the original kStyle blog.

Friday, July 02, 2004

Marlon Brando (1924-2004)

It seems that over the holiday weekend we'll be seeing quite a lot of clips from a few great movies. We'll see Vito Corleone, and Stanley
Kowalski, of course, and Terry Malloy from "On the Waterfront." And we'll hear about how Marlon Brando changed screen acting forever,
which he did, and we'll hear about how he became such a curious and eccentric figure, which he did.

What I hope we don't hear, though, is that the Method--the style of acting derived from Stanislavsky and popularized in the U.S. by Lee
Strasberg, and epitomized by Brando--somehow represents the pinnacle of the dramatic art.

Because, really, the Method is horseshit, and Marlon Brando was a genius who didn't need crackpot, cultish ideas for his genius to be
evident. The Method likes to point to him, and to DeNiro and a few others, as evidence of its superiority, but most of them would have been
fine without it, maybe better. The Method took credit for someone who succeeded not because of it, but despite it.

Brando was a creature of terrific skill and beauty, of mystery and talent that is rarer than most anything. But the idea that what a Real Actor
does is try to feel what the character is feeling, to immerse himself in a fictional experience in order to create "truth," is nonsense and always
has been. The purpose of the Method is primarily to allow self-indulgent actors the opportunity to call their self-indulgence Art, because
any attempt to feel an emotion other than what one really feels is doomed to failure. The Method ignored this reality, and it ignored the
greater truth that dramatic meaning is not the actor's responsibility but the writer's.

One cannot act what the story means. One can only act the story.

I don't know whether Brando knew that or not, but either way we are hardly the worse for it. We have "Streetcar" and "Waterfront" and
"The Godfather," as well as lesser films such as "Guys and Dolls" and "Julius Caesar," and the uneven "Apocalypse Now," and the actor's
later, idiosyncratic, often very funny work in movies such as "Don Juan DeMarco" and "The Score."

He looked like he was having a good time in that one, his last picture. And I admired him for refusing to take direction from Frank Oz, whom
he regarded as something of a hack. And I like what I read once about him, that in every film his first two takes of his first scene were
always a test of the director: in the first take, he would phone it in, and in the second, he would really act. If the director couldn't tell the
difference, Brando phoned it in the rest of the movie.

Part of the result of this is that we have only three, maybe four, great Brando movies, instead of the twenty or thirty we may feel we
deserved. But no matter. There is what is, and though Brando might perhaps not be as missed as he would have been, had he not declined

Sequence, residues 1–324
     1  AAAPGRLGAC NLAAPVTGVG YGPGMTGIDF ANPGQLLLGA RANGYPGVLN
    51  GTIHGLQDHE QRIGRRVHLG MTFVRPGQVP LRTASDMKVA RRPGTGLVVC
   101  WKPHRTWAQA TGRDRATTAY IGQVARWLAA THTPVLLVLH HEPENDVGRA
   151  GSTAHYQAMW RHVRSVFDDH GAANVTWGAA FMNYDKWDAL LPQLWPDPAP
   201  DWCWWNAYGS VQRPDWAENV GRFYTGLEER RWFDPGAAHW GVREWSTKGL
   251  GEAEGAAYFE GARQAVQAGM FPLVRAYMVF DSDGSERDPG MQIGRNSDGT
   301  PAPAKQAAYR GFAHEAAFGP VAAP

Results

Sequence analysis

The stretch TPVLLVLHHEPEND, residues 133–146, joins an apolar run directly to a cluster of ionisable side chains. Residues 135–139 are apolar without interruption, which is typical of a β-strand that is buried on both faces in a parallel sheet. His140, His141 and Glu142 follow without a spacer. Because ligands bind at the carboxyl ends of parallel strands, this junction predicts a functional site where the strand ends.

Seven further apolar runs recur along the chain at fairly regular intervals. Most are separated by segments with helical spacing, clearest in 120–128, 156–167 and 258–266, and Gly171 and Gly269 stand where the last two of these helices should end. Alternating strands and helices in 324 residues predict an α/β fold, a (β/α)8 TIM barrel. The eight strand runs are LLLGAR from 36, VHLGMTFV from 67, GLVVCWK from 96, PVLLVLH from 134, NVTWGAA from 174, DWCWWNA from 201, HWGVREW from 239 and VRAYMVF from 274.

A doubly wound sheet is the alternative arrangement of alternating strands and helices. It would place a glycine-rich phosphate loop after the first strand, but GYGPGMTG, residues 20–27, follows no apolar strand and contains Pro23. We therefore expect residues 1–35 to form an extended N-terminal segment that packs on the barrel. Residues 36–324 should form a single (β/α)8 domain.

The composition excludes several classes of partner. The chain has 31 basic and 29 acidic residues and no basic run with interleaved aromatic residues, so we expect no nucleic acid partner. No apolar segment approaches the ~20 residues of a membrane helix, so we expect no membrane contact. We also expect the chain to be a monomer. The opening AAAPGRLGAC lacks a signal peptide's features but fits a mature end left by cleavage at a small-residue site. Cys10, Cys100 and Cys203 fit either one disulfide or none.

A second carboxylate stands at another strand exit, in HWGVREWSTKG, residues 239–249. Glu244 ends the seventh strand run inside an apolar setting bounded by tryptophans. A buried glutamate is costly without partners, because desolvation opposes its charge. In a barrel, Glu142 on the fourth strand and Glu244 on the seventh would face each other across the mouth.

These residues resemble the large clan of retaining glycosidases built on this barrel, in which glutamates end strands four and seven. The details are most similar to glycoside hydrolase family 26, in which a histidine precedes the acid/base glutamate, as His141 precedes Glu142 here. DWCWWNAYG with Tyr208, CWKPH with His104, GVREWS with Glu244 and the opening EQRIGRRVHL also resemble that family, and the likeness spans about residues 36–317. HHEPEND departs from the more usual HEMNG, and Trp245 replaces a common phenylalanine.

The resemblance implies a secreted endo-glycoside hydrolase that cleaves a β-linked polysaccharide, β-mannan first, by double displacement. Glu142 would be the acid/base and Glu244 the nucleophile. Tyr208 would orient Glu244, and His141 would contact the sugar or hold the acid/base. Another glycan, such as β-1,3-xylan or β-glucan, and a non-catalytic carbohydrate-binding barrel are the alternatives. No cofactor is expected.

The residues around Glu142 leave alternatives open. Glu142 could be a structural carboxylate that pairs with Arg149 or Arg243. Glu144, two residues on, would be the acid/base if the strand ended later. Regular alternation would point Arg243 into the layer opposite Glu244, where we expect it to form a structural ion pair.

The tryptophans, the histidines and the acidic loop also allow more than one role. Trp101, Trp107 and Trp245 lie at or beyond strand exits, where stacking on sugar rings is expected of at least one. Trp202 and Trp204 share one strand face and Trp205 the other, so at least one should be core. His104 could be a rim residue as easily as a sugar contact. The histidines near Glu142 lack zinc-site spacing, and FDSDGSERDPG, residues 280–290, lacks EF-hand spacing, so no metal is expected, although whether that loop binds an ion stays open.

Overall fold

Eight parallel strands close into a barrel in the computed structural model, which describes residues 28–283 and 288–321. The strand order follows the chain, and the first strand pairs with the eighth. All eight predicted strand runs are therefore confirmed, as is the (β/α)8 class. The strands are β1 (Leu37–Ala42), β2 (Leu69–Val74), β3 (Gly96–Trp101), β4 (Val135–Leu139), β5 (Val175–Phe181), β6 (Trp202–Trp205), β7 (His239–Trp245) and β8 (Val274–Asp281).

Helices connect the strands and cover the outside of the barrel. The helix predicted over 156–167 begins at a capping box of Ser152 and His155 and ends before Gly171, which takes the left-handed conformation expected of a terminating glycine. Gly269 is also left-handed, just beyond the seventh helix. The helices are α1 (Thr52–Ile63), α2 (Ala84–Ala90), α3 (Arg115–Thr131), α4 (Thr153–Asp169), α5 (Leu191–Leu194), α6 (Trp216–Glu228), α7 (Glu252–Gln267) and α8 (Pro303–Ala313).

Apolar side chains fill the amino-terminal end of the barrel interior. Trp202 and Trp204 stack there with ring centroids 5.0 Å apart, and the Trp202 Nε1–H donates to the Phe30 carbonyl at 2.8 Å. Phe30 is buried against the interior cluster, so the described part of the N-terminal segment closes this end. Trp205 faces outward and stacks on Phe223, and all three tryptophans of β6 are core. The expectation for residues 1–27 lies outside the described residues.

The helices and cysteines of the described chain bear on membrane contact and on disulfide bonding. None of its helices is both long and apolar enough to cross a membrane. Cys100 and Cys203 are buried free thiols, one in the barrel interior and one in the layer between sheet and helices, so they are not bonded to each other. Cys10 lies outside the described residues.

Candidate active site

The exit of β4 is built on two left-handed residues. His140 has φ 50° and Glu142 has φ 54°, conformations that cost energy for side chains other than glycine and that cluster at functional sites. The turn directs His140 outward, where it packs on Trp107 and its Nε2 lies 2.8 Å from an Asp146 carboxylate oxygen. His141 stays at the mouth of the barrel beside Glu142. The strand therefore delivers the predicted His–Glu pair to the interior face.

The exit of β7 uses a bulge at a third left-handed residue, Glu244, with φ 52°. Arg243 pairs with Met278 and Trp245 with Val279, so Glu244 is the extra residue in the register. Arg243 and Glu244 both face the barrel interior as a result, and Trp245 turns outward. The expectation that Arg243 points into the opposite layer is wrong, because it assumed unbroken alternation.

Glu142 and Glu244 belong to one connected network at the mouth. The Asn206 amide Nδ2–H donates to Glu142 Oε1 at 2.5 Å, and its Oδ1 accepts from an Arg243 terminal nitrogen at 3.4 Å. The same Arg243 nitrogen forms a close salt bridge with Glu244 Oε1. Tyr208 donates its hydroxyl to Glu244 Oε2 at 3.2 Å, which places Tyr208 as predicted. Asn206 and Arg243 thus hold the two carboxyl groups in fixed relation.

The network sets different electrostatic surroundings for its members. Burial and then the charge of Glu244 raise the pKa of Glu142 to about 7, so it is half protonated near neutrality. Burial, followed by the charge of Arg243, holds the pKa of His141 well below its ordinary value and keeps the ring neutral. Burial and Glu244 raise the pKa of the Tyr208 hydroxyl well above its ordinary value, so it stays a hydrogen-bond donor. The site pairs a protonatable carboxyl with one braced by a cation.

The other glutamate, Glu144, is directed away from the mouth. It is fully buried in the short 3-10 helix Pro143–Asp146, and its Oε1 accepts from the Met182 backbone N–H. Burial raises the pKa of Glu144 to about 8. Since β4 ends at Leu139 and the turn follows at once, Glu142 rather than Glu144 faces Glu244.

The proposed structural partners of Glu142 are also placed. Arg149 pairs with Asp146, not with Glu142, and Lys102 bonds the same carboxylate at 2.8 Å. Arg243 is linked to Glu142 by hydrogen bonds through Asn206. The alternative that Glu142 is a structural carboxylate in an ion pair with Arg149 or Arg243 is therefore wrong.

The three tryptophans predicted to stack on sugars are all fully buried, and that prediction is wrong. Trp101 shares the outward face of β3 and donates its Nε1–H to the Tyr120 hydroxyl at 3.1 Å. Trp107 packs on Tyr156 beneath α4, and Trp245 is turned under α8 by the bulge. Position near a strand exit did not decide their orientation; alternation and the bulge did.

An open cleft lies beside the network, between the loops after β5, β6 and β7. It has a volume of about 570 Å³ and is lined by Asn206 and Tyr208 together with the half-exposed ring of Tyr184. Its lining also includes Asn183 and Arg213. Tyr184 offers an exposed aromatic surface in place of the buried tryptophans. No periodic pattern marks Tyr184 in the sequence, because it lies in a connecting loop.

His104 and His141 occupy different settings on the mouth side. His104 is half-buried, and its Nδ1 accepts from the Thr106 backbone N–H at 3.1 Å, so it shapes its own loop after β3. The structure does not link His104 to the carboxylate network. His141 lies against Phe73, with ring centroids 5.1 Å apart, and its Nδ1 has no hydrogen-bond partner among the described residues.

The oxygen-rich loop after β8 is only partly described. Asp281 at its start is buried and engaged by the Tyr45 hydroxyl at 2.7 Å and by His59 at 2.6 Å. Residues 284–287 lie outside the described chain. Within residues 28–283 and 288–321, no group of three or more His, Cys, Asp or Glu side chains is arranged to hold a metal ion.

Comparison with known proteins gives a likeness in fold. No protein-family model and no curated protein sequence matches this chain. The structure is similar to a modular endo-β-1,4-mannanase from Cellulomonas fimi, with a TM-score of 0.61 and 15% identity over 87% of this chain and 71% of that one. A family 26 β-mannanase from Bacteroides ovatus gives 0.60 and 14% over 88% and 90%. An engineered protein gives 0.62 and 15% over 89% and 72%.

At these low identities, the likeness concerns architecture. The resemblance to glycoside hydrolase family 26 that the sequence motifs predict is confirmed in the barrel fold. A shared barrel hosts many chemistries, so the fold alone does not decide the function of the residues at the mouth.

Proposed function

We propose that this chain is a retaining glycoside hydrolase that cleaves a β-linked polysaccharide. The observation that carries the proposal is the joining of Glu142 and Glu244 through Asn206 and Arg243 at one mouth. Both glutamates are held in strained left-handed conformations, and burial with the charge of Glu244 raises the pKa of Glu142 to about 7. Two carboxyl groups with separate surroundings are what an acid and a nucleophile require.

into self-indulgence and a wee bit of madness, we must still respect what there was of him. What he deigned to show us.

It might be more politic to say this after a few weeks have passed, but I don't think Brando was good for acting, or for movies. I think he
gave too many young actors tacit permission to think it was their job, their duty, their obligation to pretend they could do the impossible, at
the expense of the work. The result is that the screen and the stage today have too much preening, too much self-regard, and not enough

Of course this isn't Brando's fault really. But on a day when I've already heard three people on television talk about how much more "real"
acting is because of Brando, it's hard not to wonder what modern acting could have become if Marlon Brando had become a bricklayer.

To listen to these television folks, you would think that what actors do is Suffer, or Struggle, and that everything else is just the petty
basics. But the basics are acting.

Because actors--the ones who do want to act--read the script, they get the lines right, they hit their mark. They play their own fear rather
than the character's. They risk things, but they do it on the stage or in front of the camera, not in their living rooms under the pretense of
"rehearsal." They don't program themselves for the impossible. They do not think about a nonexistent "character arc" or "story arc," these
artifically imposed elements of dramaturgy. They do not think about what the character feels or thinks, because they realize there is no
character. There are only words on a page. Acting is the illusion of character. We will believe a man is a king if he wears a crown, talks like a
king, sits on a throne, and gives us no reason to doubt him. The actor does not need to "feel" anything, and why Brando convinced himself
otherwise, I can't say. I'll leave it to the biographers.

But none of this is to suggest that acting is easy or ignoble. Indeed there is likely nothing harder or more profound. But since Strasberg,
and since Brando, it all went a different way, and somewhere it became less about words on a page and more about "How would the guy
I'm playing drink a milkshake?"

If the answer is anything other than "He'd pick up the glass, bring it to his mouth, and tilt," then that's the unfortunate side of what Brando
did for acting.

But the fortunate side is all on DVD, and it's hard not to be in awe, even after everything. Awe is really the only proper response. Awe, and
then measured consideration. I can't imagine that Marlon Brando, with his fierce devotion to the integrity of the work, would expect from
us anything less.


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